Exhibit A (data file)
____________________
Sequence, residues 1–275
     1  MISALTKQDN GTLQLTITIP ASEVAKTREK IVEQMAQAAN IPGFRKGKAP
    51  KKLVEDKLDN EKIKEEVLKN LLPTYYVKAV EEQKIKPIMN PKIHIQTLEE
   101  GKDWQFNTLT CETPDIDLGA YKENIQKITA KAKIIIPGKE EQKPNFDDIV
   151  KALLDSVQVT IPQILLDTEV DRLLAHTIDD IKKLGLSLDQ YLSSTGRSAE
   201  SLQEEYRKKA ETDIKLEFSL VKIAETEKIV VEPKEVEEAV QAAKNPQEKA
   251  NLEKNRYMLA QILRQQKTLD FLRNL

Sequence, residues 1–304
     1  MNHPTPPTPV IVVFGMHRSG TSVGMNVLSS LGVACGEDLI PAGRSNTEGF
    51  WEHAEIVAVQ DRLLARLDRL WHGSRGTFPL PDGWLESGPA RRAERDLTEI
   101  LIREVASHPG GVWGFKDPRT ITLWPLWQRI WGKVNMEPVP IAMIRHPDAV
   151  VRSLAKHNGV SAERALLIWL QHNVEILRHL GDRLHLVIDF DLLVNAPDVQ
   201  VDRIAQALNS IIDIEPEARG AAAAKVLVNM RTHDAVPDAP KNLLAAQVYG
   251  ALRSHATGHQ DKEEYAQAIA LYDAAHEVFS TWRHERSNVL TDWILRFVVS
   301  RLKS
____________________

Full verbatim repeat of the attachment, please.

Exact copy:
Sequence, residues 1–275
     1  MISALTKQDN GTLQLTITIP ASEVAKTREK IVEQMAQAAN IPGFRKGKAP
    51  KKLVEDKLDN EKIKEEVLKN LLPTYYVKAV EEQKIKPIMN PKIHIQTLEE
   101  GKDWQFNTLT CETPDIDLGA YKENIQKITA KAKIIIPGKE EQKPNFDDIV
   151  KALLDSVQVT IPQILLDTEV DRLLAHTIDD IKKLGLSLDQ YLSSTGRSAE
   201  SLQEEYRKKA ETDIKLEFSL VKIAETEKIV VEPKEVEEAV QAAKNPQEKA
   251  NLEKNRYMLA QILRQQKTLD FLRNL

Sequence, residues 1–304
     1  MNHPTPPTPV IVVFGMHRSG TSVGMNVLSS LGVACGEDLI PAGRSNTEGF
    51  WEHAEIVAVQ DRLLARLDRL WHGSRGTFPL PDGWLESGPA RRAERDLTEI
   101  LIREVASHPG GVWGFKDPRT ITLWPLWQRI WGKVNMEPVP IAMIRHPDAV
   151  VRSLAKHNGV SAERALLIWL QHNVEILRHL GDRLHLVIDF DLLVNAPDVQ
   201  VDRIAQALNS IIDIEPEARG AAAAKVLVNM RTHDAVPDAP KNLLAAQVYG
   251  ALRSHATGHQ DKEEYAQAIA LYDAAHEVFS TWRHERSNVL TDWILRFVVS
   301  RLKS